The idea for my Rapunzel Chair comes directly from my experience while I was in school getting my MFA in sculpture. That was about 15 years ago and I was doing things like saving my tea bag strings (all stained differently depending on how long they sat in my cup of tea) and weaving them into the carpet in spirals or weaving my used tampon stings into jewelry. I was unraveling doilies and hanging the kinked cotton yarn from straight pins stuck in the wall or dropping it on the floor in a pile the width and length of my body. It was art that most people didn’t understand and I could only explain in context of what other artists had done before me.
But I think with my Rapunzel Chair I brought what I was doing in school down to earth. That process of collecting and creating from something as mundane as bailing twine made sense in a way I didn’t have to explain.
I started my Rapunzel Chair two years ago. Taking the twine from the first bale of hay that we fed to the animals that fall, I tied it onto an old, seatless chair that I found in the barn. My only objective was to use the twine as it came off the hay and somehow cover the chair.
I wasn’t trying to weave a seat and back (I’ve caned many chairs before), I was looking to make a sculpture out of the chair. And I had no idea in mind of what it would look like when it was done. Or how long it would take me to finish it.
There was a turning point when I decided not to make the chair into an abstract sculpture and keep it a chair. It was the first time I saw Minnie sitting on it. After that I started making the seat more secure. So much of my art is functional, it was an easy decision.
At first I was just using knots to tie the twine onto the chair. But after a trip to Blue Star Equiculture, where I saw the women there braiding the horses tails and manes, I came home and started braiding the bailing twine.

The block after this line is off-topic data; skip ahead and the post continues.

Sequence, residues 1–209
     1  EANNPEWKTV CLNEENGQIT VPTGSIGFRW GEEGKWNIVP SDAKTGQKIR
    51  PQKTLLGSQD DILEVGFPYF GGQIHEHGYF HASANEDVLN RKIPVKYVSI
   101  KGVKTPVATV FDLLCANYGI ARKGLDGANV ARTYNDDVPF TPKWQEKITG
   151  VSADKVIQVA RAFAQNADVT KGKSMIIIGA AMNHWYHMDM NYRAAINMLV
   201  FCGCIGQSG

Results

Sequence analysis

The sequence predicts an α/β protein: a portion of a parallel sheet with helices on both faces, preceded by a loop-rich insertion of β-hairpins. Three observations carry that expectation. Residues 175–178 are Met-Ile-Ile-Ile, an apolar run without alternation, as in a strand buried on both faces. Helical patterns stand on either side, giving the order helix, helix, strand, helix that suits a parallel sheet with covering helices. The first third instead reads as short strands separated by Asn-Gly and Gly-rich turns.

Then I made Jon a macrame knotted bracelet for his birthday and started using that knot on the Rapunzel Chair.
Jon and I had been calling the chair the Fiber Chair, but one day Cindy messaged me and said it reminder her of Rapunzel. The name stuck.
It was just about a month ago when I knew the chair was almost done. I wanted to wait till we stopped feeding hay to the animals for the season. To make it a chair of a full two seasons of hay and bailing twine.
Last week, when we fed the animals the last bale of hay, I tied the last two pieces of bailing twine on the chair. Now it sits on our back porch and the cats as well as the chickens sit on it. Sometimes together.
We have more old and broken chairs in the loft of the barn, so in the fall, when we start feeding the animals hay again, I’ll start working on a new string chair. Once again, I have no plans for it, or have any idea how long it will take me to finish it or what I’ll do with it once it’s done.
With this kind of art, it’s as much about the process as it is about the end result.
You can see more pictures of my Rapunzel Chair on Jon’s blog if you type “fiber chair” into his search box. He was much better at documenting the process than I was. Most of the photos in this post are his.
5 thoughts on “Rapunzel Chair”
I love the Rapunzel chair 🙂 For some reason, once you started using the macrame knots, the thought came to my mind that what you are doing is story weaving. Each day, with the thoughts of what is currently going on on the farm, you worked on the chair, and with each knot you tied those stories into its structure and fabric. And now the stories of those two winters are woven into the chair.
Oh Judith, that’s a wonderful way of looking at it.
It turned out so much more grand than a mere chair. Perhaps it should be Rapunzel’s throne!
Oh yes, Jonne, I do like that. And when they cats and hens sit on it, they do look like royalty.
This post makes me all kinds of happy.